If you’re from Limerick or have even the slightest interest in what could be classed as the most beautiful city in the world — a slight bias here — read on and learn ten fun facts about Limerick.
Check out these ten fun facts about Limerick. Tell us how many you already knew.
10. The city’s motto reflects the city’s history – quite the slogan
Limerick City’s motto is urbs antiqua fuit studisque asperrima belli (an ancient city well studied in the arts of war.)
Some might say this is an apt motto considering the city’s long and turbulent history.
Since the Vikings invaded the place around 800 AD and called the area Hlymrekr, which is pronounced ‘Limerick’, Limerick has had its fair share of war and battles.
You had Brian Boru versus the Vikings and years later Oliver Cromwell besieging the city.
Then the vicious war between the Catholic King James II (Jacobites) and the Protestant King William of Orange (Williamites) which only ended when both parties came to Limerick in 1691, had a few pints, and a fish and chip supper from Donkey Ford’s, signed a treaty and ended up the best of friends.
Well, more or less the best of friends, thus giving Limerick its popular secondary name, the Treaty City.
9. Imitation a form of flattery – there are dozens of Limericks worldwide
According to intensive and detailed research — a quick search on Google Maps — there are ten towns in America called Limerick: Limerick, Georgia, Limerick, Illinois, Limerick, Louisville, Limerick, Maine, Limerick, Mississippi, Limerick, New York, Limerick, Ohio, Limerick, South Carolina, Limerick Township, Pennsylvania, and New Limerick, Maine.
8. The westernmost castle in Europe – quite the accolade
Limerick boasts the most western castle in Europe, King John’s.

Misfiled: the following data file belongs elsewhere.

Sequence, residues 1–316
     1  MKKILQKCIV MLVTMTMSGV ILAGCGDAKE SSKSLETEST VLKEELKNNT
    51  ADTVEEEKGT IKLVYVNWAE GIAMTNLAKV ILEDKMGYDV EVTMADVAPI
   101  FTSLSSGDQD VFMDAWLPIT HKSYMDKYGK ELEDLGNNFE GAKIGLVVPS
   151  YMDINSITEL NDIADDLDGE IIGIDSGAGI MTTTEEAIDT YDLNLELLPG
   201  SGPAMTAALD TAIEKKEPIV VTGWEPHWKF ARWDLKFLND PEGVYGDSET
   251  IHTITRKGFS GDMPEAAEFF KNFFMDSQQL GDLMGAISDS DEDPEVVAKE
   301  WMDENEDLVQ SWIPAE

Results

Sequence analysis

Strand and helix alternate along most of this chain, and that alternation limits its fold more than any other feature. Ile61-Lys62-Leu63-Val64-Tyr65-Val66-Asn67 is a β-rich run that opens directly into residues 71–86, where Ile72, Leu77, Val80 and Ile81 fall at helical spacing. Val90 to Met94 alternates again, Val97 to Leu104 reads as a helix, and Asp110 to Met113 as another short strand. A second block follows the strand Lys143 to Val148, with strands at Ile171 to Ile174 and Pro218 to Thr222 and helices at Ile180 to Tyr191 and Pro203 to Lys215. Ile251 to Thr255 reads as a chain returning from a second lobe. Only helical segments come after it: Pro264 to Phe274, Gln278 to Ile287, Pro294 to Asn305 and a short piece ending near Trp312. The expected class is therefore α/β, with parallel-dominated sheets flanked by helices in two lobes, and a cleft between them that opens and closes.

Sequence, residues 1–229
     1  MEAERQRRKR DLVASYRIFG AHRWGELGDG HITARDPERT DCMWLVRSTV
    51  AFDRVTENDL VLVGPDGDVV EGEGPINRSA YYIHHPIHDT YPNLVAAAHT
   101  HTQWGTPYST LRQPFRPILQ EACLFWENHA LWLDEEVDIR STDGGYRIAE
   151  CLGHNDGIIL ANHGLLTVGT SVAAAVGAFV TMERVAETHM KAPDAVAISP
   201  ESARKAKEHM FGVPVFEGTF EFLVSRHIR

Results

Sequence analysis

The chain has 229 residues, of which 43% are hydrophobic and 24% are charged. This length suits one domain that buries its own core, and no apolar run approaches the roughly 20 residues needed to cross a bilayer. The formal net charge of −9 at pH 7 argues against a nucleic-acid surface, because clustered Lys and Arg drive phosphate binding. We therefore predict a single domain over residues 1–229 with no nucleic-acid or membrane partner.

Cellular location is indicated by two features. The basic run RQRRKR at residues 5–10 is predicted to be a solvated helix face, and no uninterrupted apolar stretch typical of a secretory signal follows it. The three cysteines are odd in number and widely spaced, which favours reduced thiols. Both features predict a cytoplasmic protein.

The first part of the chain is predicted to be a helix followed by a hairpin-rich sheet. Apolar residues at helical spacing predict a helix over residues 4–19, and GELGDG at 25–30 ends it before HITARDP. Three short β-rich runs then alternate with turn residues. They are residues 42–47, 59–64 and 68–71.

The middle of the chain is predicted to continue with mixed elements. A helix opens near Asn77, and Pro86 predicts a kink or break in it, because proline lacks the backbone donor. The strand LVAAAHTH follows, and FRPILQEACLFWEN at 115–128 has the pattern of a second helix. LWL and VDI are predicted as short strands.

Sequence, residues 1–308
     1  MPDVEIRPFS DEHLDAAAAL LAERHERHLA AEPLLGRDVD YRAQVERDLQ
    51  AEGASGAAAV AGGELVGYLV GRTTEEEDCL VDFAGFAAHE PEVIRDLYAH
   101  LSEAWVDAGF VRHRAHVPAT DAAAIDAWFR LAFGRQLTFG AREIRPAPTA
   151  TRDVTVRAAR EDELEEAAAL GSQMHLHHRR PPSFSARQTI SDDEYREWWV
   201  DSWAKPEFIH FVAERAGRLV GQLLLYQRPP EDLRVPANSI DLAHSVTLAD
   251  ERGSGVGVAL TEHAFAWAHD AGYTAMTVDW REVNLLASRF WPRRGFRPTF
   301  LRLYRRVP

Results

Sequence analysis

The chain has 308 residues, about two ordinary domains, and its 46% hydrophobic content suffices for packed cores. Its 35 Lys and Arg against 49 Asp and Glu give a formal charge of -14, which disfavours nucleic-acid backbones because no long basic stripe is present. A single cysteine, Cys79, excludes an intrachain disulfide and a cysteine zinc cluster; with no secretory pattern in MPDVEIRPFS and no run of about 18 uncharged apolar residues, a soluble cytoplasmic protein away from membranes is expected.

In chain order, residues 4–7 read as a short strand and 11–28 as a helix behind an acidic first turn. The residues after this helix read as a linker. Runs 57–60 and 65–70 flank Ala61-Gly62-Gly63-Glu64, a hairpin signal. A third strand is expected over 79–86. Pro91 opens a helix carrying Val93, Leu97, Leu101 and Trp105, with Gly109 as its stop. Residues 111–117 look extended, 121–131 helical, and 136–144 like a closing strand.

Built in 1200 by —you guessed it — King John, this castle is one of the best-preserved Norman castles in Europe.
You won’t find another Norman castle until you get to Hollywood and that will likely be built out of plastic by Walt Disney.
7. The longest footbridge in Ireland – one of the top facts about Limerick
The longest footbridge in Ireland is the Living Bridge on the campus of Limerick University.
At 350 meters, the bridge, which was completed in 2007, spans the River Shannon and links the Clare and Limerick sides of the university.
Incidentally, it was built by the French construction company Eiffel Constructions Metalliques, founded by the chap who designed and built the Eiffel Tower, which is not in Limerick but would look nice there.
6. A few dirty poems – not every city gets a poem named after them
The often ribald form of five-line poetry the limerick, is said to have originated from the works of 18th-century Limerick poets Seán Ó Tuama and Aindrias MacCraith.
Limerick is the only Irish town to give its name to a style of poetry.
“The ‘limerick’ can be furtive and mean,
You must keep her in close quarantine,
Or she sneaks to the slums,
And promptly becomes, Disorderly, drunk, and obscene.”
5. Limerick was once a Soviet city – it lasted for 12 days
During the War of Independence, the British government declared Limerick a Special Military Area under the Defence of the Realm Act.
This didn’t go down well with the locals causing the Limerick Trade and Labour Council to strike in protest and declare the city as Irish Soviet.
They printed their own money and organised the supply of food. The strike lasted from the 15th to the 27th of April 1919.
4. Pigstown – we have a certain attachment to pigs
Limerick is and always has been famous for its ham, pork, and bacon, and the factories that produced them.
Unfortunately, most of the workers in Limerick were underpaid. They couldn’t afford the finer cuts of the meat that were produced.
This might explain the Limerick person’s penchant for offal, spare ribs, and pig’s toes and heads. Anyway, it explains the city’s nickname of Pigstown.
3. Limerick gave the ‘F’ in JFK – you’re welcome, America
American president John Fitzgerald Kennedy’s great-grandfather, Thomas Fitzgerald, was a Limerick man, and that’s where the ‘F’ in JFK stems from.
2. Stab City – it gets its name from somewhere
While it might be ok for a Limerick person to use the term Stab City when referring to their home town, woe betides the stranger who says it.
The term came to wider public attention when used by Limerick writer Gerry Stembridge on the radio show Scrap Saturday. It was also used in Limerick man, Frank McCourt’s novel Angela’s Ashes.
1. Everyone in Limerick is loaded – it’s well for some
While the above statement may be a slight exaggeration. Limerick has the highest estimated disposal income per person in the country except for Dublin.